See Matthew 27:31-34; Mark 15:21. In accordance with the decision of Pilate, Jesus was led away from the Praetorium, out to a spot without the walls, where the malefactors were crucified. On the way, the cross of Jesus, which He was obliged to bear as a condemned criminal, became too heavy for Him. The great nervous strain of the last few days, the agony of the evening before, the vigil of the night, the indignities that He had been obliged to endure, all these combined to bring upon Him a weakness of the body which could not sustain the weight of the cross. The soldiers, therefore, laid hold upon, drafted into service, one Simon of Cyrene, a city on the northern coast of Africa. He was a Jew of the so-called diaspora, and had come to Jerusalem for the feast. He probably was later, and may have been at that time, a disciple of Jesus, Romans 16:13. And so this man had the honor of bearing the cross of Christ for Him, to partake of some of the sufferings intended for the Savior. While the soldiers, with Christ and the two malefactors, were slowly making their way out through the narrow streets towards the open space before the walls, there was a great number of people and also of women that followed after. Some of these people may have been present at the governor's palace, others may have joined the procession from curiosity, but the women were interested out of sincere compassion according to the sympathy of men. Their feeling would probably have been the same in the case of any other person. They beat their breasts and lamented Him; they showed every indication of deep grief. These actions prompted Jesus to turn to them and address an appealing admonition to them. He calls them daughters of Jerusalem; they represented the city, probably many of them had grown up in the very shadow of the great Temple; they should be familiar with the words of the prophets. Not over Him and on His account should they weep and lament, but for themselves and for their children. He hinted with some definiteness at the fate of the city which they loved, and whose final destruction was but a matter of a few years, in accordance with prophecy. In times of great tribulation and punishment it is the mothers that suffer most heavily. The time will come when the sterile and childless women will be happy and fortunate above the others, Luke 21:23. For so horrible will the affliction of those days be that people will not know where to stay for the greatness of the terror upon them. They will call upon the mountains and hills to fall upon them and cover them from the wrath of the almighty God, Hosea 10:8; Isaiah 2:19. For if even the just and holy Son of God must suffer so terribly under the weight of God's judgment, what will happen to such as are all as all unclean thing and all their righteousnesses as filthy rags? Note: The Lord here indicates that His suffering is the result of sin, which He, the Holy One of God, has taken upon Him, 2 Corinthians 5:21. Also: The words of Jesus show wherein true sympathy with the suffering of Christ consists, namely, not in mere external emotion, in tears and wringing of hands, but in true repentance. "Such admonition we should accept as addressed to us. For we must all confess that we, on account of sins, are like an unfruitful, dry tree, in which there is nothing good, nor can any good come out there from. What will it, then, behoove us to do? Nothing but to weep and to cry to God for forgiveness, and to resist the evil, sinful nature earnestly, and not to give it free rein. For there the sentence stands: Since the fruitful tree is thus treated and God permits such severe sufferings to come upon His dear Son, we should certainly not feel secure, but acknowledge our sin, fear the wrath of God, and pray for forgiveness."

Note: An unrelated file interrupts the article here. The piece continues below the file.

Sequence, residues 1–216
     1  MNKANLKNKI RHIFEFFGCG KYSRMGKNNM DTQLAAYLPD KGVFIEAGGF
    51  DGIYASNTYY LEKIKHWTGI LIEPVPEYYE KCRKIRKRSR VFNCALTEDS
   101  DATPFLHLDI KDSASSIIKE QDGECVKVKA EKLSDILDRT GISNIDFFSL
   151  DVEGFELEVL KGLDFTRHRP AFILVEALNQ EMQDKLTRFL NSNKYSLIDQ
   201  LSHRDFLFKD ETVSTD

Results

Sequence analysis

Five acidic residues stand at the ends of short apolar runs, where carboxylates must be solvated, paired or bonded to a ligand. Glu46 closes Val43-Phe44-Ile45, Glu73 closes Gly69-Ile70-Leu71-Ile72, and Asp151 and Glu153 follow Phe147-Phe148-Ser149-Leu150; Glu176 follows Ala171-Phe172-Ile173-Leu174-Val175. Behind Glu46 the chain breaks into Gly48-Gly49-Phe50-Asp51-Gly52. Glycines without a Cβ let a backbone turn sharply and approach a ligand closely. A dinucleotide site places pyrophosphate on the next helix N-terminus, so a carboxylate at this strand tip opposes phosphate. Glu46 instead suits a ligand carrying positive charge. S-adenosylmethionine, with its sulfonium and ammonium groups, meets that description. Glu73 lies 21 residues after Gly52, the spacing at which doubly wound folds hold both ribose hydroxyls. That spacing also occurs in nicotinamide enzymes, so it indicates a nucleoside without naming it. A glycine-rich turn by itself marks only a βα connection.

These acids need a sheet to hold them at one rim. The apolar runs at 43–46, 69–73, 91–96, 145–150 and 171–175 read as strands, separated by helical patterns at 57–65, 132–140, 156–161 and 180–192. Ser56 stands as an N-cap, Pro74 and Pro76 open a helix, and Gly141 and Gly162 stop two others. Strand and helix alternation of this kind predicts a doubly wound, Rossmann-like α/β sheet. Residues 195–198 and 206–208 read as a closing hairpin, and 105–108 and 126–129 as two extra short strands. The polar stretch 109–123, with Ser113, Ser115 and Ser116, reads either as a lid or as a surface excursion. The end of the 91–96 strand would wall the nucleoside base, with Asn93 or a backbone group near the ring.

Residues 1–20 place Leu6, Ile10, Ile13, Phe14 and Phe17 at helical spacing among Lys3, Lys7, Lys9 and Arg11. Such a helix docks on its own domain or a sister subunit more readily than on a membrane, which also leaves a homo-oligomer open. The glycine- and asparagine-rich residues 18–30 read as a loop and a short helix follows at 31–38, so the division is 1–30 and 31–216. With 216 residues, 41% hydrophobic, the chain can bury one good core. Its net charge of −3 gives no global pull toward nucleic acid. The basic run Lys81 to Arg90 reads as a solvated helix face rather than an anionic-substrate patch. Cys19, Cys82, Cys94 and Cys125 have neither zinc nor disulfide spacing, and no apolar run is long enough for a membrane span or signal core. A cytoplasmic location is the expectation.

v. 32. And there were also two other, malefactors, led with Him to be put to death.
v. 33. And when they were come to the place which is called Calvary, there they crucified Him, and the malefactors, one on the right hand, and the other on the left.
v. 34. Then said Jesus, Father, forgive them; for they know not what they do. And they parted His raiment and cast lots.